“Wearing an Australian hat in a global role is a real advantage because of the generally positive view of Australia and the perception that we have an amazing lifestyle, weather and quality of life,” says Caldas. “There’s also a sense of ease and unguardedness that Australians have in dealing with people.”

However, like Tracey Fellows, he had a “shag on a rock” moment early on, when he used the expression in a room full of English business people and was met with stunned silence. “I put that Australian phrase away very quickly,” he says.

Caldas says it took more than two years for him to feel settled in London. “The first year, you compare everything that’s not the same as at home and wonder why. The second year, you still feel like an outsider but you’re excited about living and working somewhere like London, with Europe on your doorstep. By the third year, you don’t feel like you’re on an extended holiday – you’ve made some local connections, the rose-tinted glasses are off and you’re not worrying about the differences.”

If Caldas, who steps down as Merlin CEO at the end of the year, could ship something back to the Australian business community, it would be a sense of inclusiveness. “It’s going on in Australia, too, but there is a real focus here on gender, cultural and other forms of diversity, and fostering a more inclusive environment. This is being taken very seriously in the circles I work in.” Something else he’d like to see is a greater sense of Australia being part of a global business community. “We can confidently step onto the world stage without feeling like we’re on the periphery. Australia doesn’t need to perceive itself as an isolated island.”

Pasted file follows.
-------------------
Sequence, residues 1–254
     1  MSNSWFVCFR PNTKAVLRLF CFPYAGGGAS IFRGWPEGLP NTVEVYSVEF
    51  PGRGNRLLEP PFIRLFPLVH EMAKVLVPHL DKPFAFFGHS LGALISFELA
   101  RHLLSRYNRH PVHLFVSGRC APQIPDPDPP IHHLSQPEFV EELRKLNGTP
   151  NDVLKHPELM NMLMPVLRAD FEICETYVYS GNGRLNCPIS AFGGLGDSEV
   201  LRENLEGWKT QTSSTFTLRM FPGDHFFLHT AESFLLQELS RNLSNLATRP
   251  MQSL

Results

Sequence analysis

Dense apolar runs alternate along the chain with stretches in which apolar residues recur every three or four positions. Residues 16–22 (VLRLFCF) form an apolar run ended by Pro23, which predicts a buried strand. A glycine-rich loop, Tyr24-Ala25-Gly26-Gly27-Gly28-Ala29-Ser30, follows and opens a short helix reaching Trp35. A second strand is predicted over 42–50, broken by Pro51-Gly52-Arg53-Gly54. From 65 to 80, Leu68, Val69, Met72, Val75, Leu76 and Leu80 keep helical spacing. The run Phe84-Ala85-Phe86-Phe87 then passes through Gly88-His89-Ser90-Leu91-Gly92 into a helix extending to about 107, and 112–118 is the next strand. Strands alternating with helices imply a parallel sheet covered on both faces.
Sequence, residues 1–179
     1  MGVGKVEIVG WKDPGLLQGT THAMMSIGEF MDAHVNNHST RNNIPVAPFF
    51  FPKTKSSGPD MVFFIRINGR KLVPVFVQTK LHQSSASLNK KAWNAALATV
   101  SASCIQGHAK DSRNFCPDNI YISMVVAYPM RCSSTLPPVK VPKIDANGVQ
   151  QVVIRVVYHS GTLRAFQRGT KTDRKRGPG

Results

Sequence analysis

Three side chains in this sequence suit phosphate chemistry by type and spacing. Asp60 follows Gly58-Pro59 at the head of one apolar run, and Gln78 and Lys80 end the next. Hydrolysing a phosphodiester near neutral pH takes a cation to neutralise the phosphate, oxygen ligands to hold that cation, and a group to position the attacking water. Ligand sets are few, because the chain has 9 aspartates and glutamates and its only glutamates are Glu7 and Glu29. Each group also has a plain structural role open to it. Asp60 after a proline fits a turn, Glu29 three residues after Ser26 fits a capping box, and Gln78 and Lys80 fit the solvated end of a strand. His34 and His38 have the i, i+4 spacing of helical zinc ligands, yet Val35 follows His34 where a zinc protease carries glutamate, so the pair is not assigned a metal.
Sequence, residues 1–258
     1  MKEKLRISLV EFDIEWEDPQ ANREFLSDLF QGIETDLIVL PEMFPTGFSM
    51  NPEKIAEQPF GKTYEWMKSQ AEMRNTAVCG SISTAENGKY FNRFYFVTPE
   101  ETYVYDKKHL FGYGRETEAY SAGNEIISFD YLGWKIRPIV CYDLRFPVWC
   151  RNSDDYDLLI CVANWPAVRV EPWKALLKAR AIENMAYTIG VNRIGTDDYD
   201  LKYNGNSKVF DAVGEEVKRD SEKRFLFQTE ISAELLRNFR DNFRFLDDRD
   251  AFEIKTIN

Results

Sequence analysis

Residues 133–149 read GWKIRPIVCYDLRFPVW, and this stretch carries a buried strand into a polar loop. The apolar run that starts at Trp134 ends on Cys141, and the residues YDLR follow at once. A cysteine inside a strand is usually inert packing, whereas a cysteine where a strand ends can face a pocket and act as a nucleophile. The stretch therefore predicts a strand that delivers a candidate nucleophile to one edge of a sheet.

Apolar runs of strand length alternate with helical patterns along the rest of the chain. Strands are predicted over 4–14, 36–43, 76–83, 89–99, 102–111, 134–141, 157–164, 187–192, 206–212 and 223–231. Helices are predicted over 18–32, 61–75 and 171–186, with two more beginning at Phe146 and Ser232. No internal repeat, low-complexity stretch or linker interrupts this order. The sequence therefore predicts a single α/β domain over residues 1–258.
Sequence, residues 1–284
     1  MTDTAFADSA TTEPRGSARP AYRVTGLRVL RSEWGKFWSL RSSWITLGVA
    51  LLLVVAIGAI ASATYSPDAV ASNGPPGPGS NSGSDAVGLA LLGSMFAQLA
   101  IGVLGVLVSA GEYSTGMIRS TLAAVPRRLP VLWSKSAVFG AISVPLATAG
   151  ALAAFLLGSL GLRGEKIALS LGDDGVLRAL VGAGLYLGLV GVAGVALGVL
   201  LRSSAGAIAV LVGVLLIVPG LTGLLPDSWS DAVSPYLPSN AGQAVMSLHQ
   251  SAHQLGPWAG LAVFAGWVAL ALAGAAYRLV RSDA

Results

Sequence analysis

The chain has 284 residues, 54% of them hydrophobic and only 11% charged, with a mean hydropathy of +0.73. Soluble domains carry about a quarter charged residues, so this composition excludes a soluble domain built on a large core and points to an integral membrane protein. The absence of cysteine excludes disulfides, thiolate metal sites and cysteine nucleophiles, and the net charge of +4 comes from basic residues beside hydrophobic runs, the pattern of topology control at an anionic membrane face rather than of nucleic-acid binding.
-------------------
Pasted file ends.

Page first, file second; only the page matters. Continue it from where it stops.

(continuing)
Sydney to Singapore

Cindy Hook
CEO of Deloitte Asia Pacific


Photo credit: Christopher Pearce

Cindy Hook has twice adjusted to different business cultures: first when leaving her native America in 2009 to lead Deloitte Australia’s audit and assurance practice (in 2015 she was promoted to Deloitte Australia CEO); and then last September when she moved to Singapore to become the first Asia Pacific CEO, after the firm brought together 45,000 staff across Australia, New Zealand, China, Japan and South-East Asia. In both cases, she’s had to moderate her behaviour to match the local environment.

In Australia, it was about learning not to use the sentence, “‘In the US we did it this way.’ While Australians are always open to new ideas, that just rubbed them the wrong way.”

Australians, on the other hand, surprised her by being more innovative, adaptable to change and globally minded than she expected, adding that another early lesson involved coming to grips with the ever-shifting political environment. “I left the country once for a few days and came back to a new prime minister – and there hadn’t been an election,” she says, laughing.

In Singapore, what Hook describes as her “American-nurtured boldness and assertiveness” is less accepted than it was in Australia. “Initially I would push to get to quick decisions in my drive to deliver short-term outcomes,” she says. However, her Asian colleagues tended to prefer consensus over compromise. “Our board, which has representatives from across Asia, will often discuss topics multiple times before action is agreed on. I’ve seen that spending the extra time upfront saves time overall – execution is much easier with full commitment.”

There’s also a greater focus on the long-term. “Asian countries, especially Singapore, play a long game in politics and business,” she says. “They drive activity with a deep eye on the future. It’s not just about the next generation but the one after that. Patience is something I’ve needed more of here.”

The surprises in Singapore – apart from the humidity – have included the sheer number of opportunities for growth and investment. Hook has also been impressed by the ease of doing business; of government investment in long-term, sustainable growth; and how challenges seem to be navigated more quickly than in Australia. “From immigration to taxes to health care to banking to drivers licences – the systems are all linked to a single personal identification number that makes the user experience much more seamless. And I just imagine the data asset the Singapore government must have – the possibilities would be enormous.” 

SEE ALSO: How to be a Better Leader